The problem was that there was nothing about the demo that would have made me want to play it again. Indeed, after playing it, there was very little that would have made me pick up the game if I had not been obliged to review it.
When the review code arrived, I played it first on one of the office PS3s, which meant I had to play the prologue again. This time round, it felt more natural. I noticed that because I knew the controls, and I started stringing moves together, it began to 'flow'. Gareth
had said to me that he found the demo slow and disjointed and the controls, which are context sensitive, to be slightly confusing; I had agreed with him. But now, playing it a second time through, my initial reservations were being eroded.
There I was, picking up momentum and stringing moves together. And it was becoming fun. This turns out to be an intention of the developers - that if you can run smoothly, without stopping or fluffing a move, and link moves together, you will pick up momentum.
The demo fails to demonstrate this, because almost everyone playing the demo is a novice at the game. They constantly mess up and have to try a move again, so they never build up any momentum, and so they feel like the game is slow, clumsy and unresponsive. Clearly, EA would not want to give too much away in the demo, but I think it would have been worth giving some exclusive artwork, or some other pay-off that changed each time the demo was completed, to encourage player to try it a few times.
When I brought the review code home and played through the prologue for a third time, I was almost an old hand. Instinctively, I knew what I needed to press. I played through the introductory semi-level that follows the tutorial part, and concludes the prologue in one smooth run. Now I was having fun! The prologue ends with Faith hanging by one arm from the skids of a helicopter. As it flies away we see her reflected in the mirror windows of a passing building, it's as impressive a scene as any I have ever seen in any video game.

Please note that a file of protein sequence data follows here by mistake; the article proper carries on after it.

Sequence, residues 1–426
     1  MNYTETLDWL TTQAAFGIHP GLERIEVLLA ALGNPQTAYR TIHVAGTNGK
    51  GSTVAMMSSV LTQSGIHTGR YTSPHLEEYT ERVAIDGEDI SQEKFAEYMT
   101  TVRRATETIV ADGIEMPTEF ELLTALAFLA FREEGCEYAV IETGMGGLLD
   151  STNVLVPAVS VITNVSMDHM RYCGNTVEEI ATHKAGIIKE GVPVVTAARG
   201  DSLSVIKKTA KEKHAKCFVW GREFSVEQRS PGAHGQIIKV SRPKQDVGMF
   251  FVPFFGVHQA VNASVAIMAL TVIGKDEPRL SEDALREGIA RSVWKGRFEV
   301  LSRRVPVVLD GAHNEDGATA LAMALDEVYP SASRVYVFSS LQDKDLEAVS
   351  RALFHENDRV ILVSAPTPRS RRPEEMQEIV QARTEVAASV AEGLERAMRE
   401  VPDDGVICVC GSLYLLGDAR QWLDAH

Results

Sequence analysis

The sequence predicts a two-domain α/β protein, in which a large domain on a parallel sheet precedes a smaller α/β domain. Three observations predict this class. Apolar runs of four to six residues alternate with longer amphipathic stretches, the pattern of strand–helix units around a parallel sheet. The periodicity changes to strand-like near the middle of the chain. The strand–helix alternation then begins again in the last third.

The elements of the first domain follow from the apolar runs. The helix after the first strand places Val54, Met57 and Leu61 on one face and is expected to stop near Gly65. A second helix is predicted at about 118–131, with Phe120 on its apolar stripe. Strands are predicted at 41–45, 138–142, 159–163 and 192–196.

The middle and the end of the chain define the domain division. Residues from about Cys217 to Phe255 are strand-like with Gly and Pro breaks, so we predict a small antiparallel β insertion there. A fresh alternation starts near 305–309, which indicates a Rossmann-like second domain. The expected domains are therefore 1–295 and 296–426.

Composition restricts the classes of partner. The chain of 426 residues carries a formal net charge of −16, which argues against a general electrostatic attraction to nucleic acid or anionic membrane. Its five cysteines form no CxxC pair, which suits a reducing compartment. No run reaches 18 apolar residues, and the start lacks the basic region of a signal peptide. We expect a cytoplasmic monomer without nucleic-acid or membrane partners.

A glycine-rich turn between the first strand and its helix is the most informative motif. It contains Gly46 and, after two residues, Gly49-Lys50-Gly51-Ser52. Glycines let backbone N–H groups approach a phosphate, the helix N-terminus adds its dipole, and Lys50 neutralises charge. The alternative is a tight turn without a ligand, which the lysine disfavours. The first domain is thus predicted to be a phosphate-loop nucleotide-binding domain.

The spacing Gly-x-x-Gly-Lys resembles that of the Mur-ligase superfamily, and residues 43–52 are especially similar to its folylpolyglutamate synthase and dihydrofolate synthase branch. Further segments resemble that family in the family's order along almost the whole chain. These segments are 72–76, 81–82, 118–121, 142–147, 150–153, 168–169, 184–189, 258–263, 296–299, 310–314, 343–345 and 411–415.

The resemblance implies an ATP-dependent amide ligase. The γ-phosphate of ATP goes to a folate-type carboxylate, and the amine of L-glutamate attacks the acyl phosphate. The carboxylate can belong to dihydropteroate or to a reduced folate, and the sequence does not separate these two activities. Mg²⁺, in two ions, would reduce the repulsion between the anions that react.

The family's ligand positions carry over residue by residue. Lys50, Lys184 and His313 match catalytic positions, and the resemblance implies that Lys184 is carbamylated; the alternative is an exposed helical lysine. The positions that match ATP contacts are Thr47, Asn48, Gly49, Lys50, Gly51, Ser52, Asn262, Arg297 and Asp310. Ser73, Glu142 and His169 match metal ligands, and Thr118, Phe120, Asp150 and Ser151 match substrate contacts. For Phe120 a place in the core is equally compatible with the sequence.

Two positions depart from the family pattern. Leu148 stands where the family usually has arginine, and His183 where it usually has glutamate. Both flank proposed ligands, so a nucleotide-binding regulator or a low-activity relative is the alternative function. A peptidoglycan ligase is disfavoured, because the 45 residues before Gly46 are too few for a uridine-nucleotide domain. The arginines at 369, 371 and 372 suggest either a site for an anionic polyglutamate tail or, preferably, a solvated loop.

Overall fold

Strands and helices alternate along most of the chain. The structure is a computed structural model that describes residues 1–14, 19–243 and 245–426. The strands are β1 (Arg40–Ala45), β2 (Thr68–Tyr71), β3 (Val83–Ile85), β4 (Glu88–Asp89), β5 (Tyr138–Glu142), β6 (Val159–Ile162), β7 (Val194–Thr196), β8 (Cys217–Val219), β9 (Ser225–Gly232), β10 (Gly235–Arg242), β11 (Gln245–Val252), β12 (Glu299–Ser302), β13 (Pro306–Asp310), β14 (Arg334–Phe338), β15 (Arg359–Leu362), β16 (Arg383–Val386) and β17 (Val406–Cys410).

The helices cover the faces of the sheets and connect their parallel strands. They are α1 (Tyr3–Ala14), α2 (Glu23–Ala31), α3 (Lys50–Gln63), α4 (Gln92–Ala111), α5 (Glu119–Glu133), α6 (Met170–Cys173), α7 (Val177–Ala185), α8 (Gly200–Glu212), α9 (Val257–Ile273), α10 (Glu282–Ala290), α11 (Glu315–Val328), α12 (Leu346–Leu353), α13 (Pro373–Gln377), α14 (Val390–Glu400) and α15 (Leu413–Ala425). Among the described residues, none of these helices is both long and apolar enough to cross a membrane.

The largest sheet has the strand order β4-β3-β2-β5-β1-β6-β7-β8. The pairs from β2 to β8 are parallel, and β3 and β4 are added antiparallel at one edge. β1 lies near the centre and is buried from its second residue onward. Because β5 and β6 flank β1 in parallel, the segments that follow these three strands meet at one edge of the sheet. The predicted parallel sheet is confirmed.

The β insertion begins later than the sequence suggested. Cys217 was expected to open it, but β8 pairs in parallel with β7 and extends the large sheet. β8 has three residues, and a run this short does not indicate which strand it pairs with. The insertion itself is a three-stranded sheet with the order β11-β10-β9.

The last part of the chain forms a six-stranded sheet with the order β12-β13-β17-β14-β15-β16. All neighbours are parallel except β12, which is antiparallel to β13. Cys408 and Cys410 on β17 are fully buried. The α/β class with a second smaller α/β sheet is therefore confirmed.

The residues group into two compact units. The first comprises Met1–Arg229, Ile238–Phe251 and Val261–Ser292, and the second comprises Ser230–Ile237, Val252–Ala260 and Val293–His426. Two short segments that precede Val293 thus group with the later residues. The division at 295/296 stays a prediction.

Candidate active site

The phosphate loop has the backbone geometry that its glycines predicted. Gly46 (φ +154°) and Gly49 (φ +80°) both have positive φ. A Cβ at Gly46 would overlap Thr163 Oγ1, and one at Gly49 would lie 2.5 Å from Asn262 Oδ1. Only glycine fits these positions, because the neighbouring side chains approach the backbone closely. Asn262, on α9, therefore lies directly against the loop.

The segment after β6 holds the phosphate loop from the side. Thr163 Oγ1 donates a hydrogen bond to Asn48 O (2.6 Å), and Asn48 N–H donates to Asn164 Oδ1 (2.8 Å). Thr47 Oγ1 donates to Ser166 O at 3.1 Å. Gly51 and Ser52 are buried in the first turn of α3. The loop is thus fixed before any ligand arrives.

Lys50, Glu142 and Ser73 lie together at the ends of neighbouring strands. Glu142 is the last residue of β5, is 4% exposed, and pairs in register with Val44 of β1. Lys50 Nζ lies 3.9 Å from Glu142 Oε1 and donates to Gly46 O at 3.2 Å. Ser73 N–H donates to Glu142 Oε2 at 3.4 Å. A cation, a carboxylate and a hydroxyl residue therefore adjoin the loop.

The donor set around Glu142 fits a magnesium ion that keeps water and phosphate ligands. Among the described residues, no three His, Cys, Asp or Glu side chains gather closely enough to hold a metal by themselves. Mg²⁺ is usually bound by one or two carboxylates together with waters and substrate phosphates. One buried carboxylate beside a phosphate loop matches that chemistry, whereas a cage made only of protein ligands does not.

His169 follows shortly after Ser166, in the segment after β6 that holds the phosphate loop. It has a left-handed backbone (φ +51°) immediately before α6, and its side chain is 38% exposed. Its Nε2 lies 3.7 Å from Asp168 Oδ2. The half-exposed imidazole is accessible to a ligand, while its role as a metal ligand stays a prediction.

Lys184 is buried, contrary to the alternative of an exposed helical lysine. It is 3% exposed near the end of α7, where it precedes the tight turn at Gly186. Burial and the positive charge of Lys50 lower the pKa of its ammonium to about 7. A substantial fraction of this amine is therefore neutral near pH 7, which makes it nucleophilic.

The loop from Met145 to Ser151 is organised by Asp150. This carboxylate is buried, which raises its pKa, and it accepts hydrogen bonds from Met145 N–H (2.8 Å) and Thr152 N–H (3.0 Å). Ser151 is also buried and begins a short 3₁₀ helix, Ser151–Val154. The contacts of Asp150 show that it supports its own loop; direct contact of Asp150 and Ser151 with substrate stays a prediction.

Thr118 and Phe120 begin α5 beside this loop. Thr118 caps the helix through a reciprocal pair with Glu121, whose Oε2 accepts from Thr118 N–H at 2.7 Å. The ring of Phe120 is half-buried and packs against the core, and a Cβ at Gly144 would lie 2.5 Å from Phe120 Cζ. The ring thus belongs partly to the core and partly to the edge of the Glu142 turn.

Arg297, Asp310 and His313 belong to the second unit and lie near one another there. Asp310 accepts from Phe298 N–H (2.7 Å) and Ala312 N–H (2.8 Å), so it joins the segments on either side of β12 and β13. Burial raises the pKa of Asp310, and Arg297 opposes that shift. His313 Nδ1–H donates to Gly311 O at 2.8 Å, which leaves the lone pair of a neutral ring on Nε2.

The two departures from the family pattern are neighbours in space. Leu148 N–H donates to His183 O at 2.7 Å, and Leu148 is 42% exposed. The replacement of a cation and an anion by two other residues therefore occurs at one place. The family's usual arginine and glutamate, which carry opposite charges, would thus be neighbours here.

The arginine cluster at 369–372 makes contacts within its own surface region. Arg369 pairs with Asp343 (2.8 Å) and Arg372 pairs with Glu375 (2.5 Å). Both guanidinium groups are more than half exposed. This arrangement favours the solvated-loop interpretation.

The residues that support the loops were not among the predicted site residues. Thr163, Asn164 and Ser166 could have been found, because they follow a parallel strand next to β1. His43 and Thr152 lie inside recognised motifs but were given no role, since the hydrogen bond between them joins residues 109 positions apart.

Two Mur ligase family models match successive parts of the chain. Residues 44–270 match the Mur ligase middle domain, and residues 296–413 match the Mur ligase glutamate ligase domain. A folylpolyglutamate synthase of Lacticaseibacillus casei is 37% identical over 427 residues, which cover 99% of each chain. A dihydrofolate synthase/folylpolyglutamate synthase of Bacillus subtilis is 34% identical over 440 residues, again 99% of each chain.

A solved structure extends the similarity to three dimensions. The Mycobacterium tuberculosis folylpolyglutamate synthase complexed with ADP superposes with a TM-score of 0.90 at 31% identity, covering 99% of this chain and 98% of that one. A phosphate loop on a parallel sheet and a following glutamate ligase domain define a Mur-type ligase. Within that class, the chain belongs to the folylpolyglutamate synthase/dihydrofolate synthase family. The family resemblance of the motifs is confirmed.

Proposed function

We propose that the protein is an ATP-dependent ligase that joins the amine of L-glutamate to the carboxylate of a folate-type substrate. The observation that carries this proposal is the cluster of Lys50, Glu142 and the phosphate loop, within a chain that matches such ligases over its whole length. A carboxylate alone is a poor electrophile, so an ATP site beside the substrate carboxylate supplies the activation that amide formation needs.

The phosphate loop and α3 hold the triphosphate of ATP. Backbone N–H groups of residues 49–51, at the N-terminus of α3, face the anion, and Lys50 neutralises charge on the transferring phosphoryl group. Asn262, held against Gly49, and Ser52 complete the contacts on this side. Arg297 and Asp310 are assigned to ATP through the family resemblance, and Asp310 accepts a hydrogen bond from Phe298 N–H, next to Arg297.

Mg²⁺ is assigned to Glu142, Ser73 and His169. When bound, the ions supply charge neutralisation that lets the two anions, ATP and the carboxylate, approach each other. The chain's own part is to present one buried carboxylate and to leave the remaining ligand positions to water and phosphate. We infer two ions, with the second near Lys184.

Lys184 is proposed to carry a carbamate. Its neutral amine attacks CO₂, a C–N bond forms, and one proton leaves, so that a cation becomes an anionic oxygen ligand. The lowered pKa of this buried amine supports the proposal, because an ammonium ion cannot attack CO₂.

There are no desperate attempts to be cool by compiling a soundtrack of old school and hip indie faves here. Instead the beautiful visuals are accompanied by a slick, ambient electronic soundtrack that perfectly complements the game.
From here the story quickly develops and, due to the superb cell-shaded cut scenes, a decent script and good voice acting, you quickly become engrossed in the game.
The story, of course merely exists to compel you to get back out into the city, to travel from A to B, to experience more chase action. Although this is clearly the reason for the narrative, which is written by Rhianna Pratchett, it does not come across as a pretext. It does, however, come across as derivative and hackneyed. Every aspect has been covered well previously in books of the genre and second rate US cop thrillers. Data couriers; a framed sister who is also a cop, tolerant police officer who'll turn a blind eye; Faith even has a fatherly guiding boss, c'mon folks!? The cut scenes, though, are so beautifully rendered that watching them is never a chore.